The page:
Both static and dynamic SQL statements are allowed in the embedded SQL host program. Static SQL statements, as the name implies, remain static each time the program is run. Dynamic SQL statements are built at runtime.
To use static SQL statements in a host program, the SQL statement type, and the database table and column names are required. Only the specific data values the statement is looking for are unknown: use host language variables to represent those unknown values. For example, use a static SQL statement to enter an order, and a host language variable to represent the quantity of an item in the order.
Static SQL statements are hard‑coded into the program, therefore the statements require parsing, and so forth, only once. Using static SQL results in faster processing.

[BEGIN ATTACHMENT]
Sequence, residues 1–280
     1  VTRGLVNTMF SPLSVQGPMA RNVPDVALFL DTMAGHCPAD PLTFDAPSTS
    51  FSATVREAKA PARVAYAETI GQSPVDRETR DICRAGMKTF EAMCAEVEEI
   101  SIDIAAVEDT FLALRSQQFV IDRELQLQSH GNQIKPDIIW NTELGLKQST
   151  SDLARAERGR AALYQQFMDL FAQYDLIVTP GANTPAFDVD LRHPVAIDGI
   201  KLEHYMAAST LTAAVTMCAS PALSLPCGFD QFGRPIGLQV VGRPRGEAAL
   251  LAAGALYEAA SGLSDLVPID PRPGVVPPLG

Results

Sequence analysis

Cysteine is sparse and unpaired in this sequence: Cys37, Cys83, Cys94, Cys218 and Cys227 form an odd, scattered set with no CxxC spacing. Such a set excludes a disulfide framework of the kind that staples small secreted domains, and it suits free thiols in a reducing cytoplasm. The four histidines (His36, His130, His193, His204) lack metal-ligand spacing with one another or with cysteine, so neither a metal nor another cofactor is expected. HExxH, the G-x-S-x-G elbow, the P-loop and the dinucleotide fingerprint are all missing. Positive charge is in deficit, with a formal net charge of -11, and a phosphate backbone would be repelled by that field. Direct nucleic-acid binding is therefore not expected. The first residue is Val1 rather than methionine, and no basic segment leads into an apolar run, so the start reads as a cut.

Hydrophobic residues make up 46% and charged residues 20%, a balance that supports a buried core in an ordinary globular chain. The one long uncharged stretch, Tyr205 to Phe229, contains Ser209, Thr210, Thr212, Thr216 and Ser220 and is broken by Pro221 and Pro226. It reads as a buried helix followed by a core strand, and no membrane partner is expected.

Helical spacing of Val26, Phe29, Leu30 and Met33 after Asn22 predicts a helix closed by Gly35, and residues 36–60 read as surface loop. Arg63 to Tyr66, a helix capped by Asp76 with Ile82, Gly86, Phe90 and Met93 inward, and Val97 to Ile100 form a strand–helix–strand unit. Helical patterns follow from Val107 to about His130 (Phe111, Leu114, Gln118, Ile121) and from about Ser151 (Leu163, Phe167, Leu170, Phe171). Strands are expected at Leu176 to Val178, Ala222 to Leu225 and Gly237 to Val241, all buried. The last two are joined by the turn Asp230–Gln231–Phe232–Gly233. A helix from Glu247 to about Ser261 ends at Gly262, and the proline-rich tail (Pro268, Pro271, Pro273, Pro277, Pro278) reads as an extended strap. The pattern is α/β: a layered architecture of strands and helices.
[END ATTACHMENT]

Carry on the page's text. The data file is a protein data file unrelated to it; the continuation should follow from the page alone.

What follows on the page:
Dynamic SQL is useful for programs in which the content of a SQL statement is unknown at the time the program is written. For example, an interactive application that prompts the user for a table name would be a good situation in which to use dynamic SQL.
Each host programming language handles dynamic SQL statements differently. Refer to Chapter 3: “Writing Embedded SQL Applications in C”, Chapter 4: “Writing Embedded SQL Applications in COBOL”, Chapter 5: “Writing Embedded SQL Applications in PL/I”, and Appendix C: “Embedded SQL Examples” for more information.